I've been getting a lot of mail from critics lately asking if I'm happy with the Biden administration. They point to some of the new president's executive orders — the one about the Keystone XL pipeline, or the one rescinding the "Mexico City" policy withholding funds from international organizations that perform or advocate for abortion. They ask, snidely, whether I'm proud of my vote for the Democrat.
My answer is a resounding yes. It's not because I think Joe Biden will pursue a policy agenda I will agree with most of the time. It's because we just came within a whisker of losing our democracy, and this presidency is a chance to rebuild it. We may yet blow it. Matters like the Keystone pipeline and even the Mexico City policy are trifles by comparison.
My correspondents won't understand this. Rightworld is in the process, once again, of bending reality to serve their leader, and in so doing, they are compounding the moral abdication that brought us Jan. 6.
The immediate reactions to the attempted coup sound strangely mature and responsible now that the right has regrouped and settled back into its accustomed posture of Trump-excusing. The new narrative is that an impeachment trial would be 1) unconstitutional, 2) divisive, or 3) helpful to Trump because it gives him a platform. How quickly they have capitulated. It's a mistake in this febrile era ever to assume you've taken the national temperature.
In the days immediately following the attack on the Capitol, Sen. Pat Toomey (R-PA) said the president had committed impeachable offenses and was unfit to serve. "I want him out," Sen. Lisa Murkowski (R-AK) told the Anchorage Daily News. Sen. Ben Sasse (R-NE) said he would "definitely consider whatever articles" of impeachment the House might move. Sen. Lindsey Graham (R-SC) expressed his disgust on the Senate floor: "Count me out. Enough is enough." Sen. Mitch McConnell (R-KY) said Trump provoked the mob by feeding them lies, and McConnell signaled that he might be open to impeachment. Rep. Kevin McCarthy (R-CA) said Trump was responsible for the storming of the Capitol, and warned his caucus not to criticize members who voted for impeachment because it might endanger their lives. National Review published pro-impeachment articles, and The Wall Street Journal called for Trump to resign. Ten House Republicans, including a sulphuric Liz Cheney, voted to impeach. Even Ari Fleischer said: "At this point, I won't defend him anymore. ... He's on his own."
Oh, but he's not. Just a few days later, Fleischer was retweeting a Wall Street Journal editorial suggesting that we really ought to move on, and that "Democrats and the press are addicted to Trump." The Oregon GOP's official position is that the assault on the Capitol was a false flag operation, mounted to "discredit" Trump. Graham was back onside in a matter of days. Having weathered harassment by Trump fanatics at National Airport, he skittered back to the boss, telling Fox News that "I hope people in our party understand the party itself. If you're wanting to erase Donald Trump from the party, you're gonna get erased."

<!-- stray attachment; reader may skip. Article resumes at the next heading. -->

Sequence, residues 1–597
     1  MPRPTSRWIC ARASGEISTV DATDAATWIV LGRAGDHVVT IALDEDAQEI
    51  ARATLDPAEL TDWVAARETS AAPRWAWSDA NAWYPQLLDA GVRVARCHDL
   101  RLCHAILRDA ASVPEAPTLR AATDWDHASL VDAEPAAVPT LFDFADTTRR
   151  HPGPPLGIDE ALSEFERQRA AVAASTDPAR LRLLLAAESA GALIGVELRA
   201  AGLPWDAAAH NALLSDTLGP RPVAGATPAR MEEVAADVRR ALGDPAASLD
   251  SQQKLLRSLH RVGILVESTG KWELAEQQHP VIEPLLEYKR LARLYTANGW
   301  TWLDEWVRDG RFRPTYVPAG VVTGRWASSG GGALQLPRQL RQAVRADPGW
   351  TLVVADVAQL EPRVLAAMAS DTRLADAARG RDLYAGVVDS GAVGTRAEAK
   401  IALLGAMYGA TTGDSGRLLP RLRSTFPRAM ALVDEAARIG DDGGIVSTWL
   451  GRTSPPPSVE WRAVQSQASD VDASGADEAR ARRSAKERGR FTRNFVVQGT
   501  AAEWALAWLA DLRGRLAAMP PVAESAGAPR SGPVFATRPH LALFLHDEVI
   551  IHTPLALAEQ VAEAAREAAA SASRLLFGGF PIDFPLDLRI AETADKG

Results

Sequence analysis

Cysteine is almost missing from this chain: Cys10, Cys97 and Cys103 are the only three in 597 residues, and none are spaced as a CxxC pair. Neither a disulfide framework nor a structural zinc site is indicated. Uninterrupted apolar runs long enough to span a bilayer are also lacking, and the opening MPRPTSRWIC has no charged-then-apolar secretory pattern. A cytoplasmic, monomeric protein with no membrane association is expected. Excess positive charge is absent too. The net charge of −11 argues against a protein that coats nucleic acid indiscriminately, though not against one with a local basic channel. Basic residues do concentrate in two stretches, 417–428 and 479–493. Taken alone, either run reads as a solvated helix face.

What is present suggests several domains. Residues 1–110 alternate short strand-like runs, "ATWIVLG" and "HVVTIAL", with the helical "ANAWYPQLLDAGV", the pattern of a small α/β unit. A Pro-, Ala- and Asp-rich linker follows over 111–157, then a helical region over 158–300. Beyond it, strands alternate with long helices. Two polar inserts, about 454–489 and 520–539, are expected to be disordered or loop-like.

Like dominoes, the old gang began falling into line. Prof. Jonathan Turley, who's been saying that impeaching a non-incumbent is unconstitutional, was invited to the Senate GOP luncheon. All but five Republicans (Utah's Mitt Romney, Sasse, Murkowski, Maine's Susan Collins and Toomey) voted for a resolution introduced by Sen. Rand Paul (R-KY) echoing the Turley view. Trump loyalists circulated a petition to remove Cheney from her House leadership post. National Review published a John Bolton piece arguing that the second impeachment was as "flawed as the first." Too partisan. Too hasty. It will give him a platform. You know the drill.
Sen. Marco Rubio (R-FL) said the impeachment is "stupid." Oh, and did he mention "divisive"?
The infinitely flexible Nikki Haley asks not whether former Trump attempted to steal the election, but how low the base would like her to sink. Appearing on the Laura Ingraham show, she offered up the expected persecution narrative: "They beat him up before he got into office. They are beating him up after he leaves office. I mean, at some point, I mean, give the man a break. I mean, move on."
See how this works? It was Trump who was beaten up, not Officer Sicknick.
The persecution complex is eternal — the sense that Democrats and "the media" are willing to do anything to "get" Trump and that therefore they must be ready to respond in kind. We've run the experiment and gotten our answer. There really is nothing Trump could do that would forfeit the support of the GOP. He didn't literally shoot someone on Fifth Avenue, but he sabotaged Americans' faith in elections, attempted to intimidate the secretary of state of Georgia into altering the election count, and set a violent mob against the Congress (killing one officer and four others). He has blood on his hands. But in the words of his No. 1 toady, Lindsey Graham: "He's going to be the most important voice in the Republican Party for a long time to come."
So, no regrets about voting for an honorable Democrat. I only pray that, with the reprieve we've bought, we can repair the awful breach in this country before it's too late.
Mona Charen is policy editor of The Bulwark and host of the Beg to Differ podcast. Her most recent book is Sex Matters: How Modern Feminism Lost Touch with Science, Love, and Common Sense.To read features by other Creators Syndicate writers and cartoonists, visit the Creators Syndicate webpage at www.creators.com.
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